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PNS Daily Newscast - December 13, 2017 


Alabama elects Democrat Doug Jones to the U.S. Senate; also on our rundown; A court victory for tribes and environmental group fighting uranium mining in the Grand Canyon; and Seattle appears headed towards a police accountability initiative for 2018.

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Oregon Passes Education Budget; Educators Say "Not Enough"

The Oregon Legislature has passed an education budget that now heads to Gov. Kate Brown's desk. (Edmund Garman/Flickr)
The Oregon Legislature has passed an education budget that now heads to Gov. Kate Brown's desk. (Edmund Garman/Flickr)
June 28, 2017

SALEM, Ore. - The Oregon House on Tuesday passed an education budget of $8.2 billion for the next two years, but educators say they're being shorted once again.

Even legislators warned the funding amount will mean cuts for some school districts, fewer teachers and larger class sizes. Oregon educators who have been in the field for many years say they've witnessed the diminishing returns of the state's education budget.

Ericka Keefauver, an instructional coach for the Hermiston School District, assessed what she's seen in her hometown.

"Right now," said Keefauver, a former teacher and mother of five, "I'm seeing teachers left and right leaving the profession of teaching because they don't feel like they're capable of doing the job, because they're not given the tools and the resources and the capacity to do that."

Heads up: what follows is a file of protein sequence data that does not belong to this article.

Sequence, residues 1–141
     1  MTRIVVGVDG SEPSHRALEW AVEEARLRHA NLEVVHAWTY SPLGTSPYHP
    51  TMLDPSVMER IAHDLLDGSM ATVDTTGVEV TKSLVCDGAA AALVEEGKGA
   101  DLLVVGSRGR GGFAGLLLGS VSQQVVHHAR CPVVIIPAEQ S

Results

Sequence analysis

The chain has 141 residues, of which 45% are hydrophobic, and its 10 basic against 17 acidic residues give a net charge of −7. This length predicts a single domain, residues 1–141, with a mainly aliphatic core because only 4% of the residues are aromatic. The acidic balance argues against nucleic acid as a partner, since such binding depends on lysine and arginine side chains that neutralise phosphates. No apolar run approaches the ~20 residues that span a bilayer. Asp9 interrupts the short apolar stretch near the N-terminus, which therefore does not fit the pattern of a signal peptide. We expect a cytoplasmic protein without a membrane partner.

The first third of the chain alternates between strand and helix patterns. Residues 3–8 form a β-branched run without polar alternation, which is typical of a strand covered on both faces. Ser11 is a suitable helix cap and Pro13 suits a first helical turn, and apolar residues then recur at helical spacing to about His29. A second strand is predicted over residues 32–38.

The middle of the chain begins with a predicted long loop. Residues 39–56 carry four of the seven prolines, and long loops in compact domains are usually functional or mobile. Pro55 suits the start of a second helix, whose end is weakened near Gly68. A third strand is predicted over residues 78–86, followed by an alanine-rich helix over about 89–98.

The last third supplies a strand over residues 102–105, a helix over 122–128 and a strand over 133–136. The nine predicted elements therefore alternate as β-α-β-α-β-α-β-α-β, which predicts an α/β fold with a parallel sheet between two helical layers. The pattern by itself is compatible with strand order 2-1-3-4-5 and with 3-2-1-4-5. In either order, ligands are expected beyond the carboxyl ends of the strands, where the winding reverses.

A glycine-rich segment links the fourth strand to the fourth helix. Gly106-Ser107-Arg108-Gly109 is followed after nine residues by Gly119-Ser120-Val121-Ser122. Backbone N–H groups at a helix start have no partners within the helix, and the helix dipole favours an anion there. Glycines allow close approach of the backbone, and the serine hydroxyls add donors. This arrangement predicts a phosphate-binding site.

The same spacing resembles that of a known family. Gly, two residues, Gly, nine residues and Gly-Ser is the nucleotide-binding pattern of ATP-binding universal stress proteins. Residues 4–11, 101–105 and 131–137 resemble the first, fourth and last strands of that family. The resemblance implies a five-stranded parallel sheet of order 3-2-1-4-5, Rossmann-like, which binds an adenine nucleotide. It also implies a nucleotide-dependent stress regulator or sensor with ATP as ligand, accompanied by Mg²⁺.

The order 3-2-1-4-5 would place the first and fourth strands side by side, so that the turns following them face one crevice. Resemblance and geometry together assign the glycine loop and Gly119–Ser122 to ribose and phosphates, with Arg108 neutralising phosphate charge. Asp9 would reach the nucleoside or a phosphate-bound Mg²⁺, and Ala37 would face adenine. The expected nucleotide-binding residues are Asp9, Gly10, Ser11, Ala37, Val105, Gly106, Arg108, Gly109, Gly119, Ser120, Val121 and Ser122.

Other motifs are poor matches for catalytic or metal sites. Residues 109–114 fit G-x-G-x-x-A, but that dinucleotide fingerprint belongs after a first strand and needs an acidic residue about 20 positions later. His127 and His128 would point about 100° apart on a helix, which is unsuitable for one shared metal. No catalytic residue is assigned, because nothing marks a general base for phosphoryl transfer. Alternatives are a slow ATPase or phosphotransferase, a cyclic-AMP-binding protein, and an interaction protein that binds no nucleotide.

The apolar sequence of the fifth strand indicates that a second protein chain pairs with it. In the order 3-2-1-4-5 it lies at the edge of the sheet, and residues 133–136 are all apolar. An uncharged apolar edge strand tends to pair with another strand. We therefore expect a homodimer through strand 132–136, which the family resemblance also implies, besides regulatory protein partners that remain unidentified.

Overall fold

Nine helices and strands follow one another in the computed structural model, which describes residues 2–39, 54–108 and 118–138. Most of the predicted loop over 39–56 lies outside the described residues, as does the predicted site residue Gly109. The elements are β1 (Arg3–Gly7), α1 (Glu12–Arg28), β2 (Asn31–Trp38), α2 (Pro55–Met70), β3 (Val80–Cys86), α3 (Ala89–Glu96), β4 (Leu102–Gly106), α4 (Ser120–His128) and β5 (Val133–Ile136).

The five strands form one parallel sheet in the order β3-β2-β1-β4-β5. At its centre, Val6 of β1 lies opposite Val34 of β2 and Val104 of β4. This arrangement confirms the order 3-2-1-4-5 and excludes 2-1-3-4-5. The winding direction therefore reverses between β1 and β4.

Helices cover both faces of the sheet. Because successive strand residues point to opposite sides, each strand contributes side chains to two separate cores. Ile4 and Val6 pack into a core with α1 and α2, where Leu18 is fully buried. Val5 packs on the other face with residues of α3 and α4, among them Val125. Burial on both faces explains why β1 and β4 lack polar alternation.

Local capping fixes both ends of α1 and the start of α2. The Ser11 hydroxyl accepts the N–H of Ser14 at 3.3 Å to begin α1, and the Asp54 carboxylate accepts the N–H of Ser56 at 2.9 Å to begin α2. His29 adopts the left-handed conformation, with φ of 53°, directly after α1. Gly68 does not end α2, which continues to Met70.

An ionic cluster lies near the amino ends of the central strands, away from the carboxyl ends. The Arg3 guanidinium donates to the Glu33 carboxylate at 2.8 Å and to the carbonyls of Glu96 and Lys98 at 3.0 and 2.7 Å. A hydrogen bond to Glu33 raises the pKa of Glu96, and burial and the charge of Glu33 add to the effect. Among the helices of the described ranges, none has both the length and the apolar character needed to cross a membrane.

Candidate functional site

State lawmakers also are dealing with a budget gap of about $1.6 billion. The education budget now heads to Gov. Kate Brown's desk, and she is likely to sign it. Brown called for an education budget of $8 billion this session.

Celine Buczek, a special-education teacher in Central Point who works with students ages 18 to 21 transitioning into the workplace, said her program could lose funding for transportation under budget cuts, seriously hampering opportunities for her students. She said cuts such as this hurt kids.

"It is cheating students out of a quality education that they might get in states where there's better funding," she said, "and it's also a big burden for teachers."

The Oregon Education Association already has filed two ballot measures for the 2018 election to address inadequate school funding. Keefauver said continued under-funding could drive a younger generation of Oregonians away from the state.

"I feel like we're doing a disservice to our own citizens, our own future voters," she said, "by not allowing them to have the education that they deserve."

Eric Tegethoff, Public News Service - OR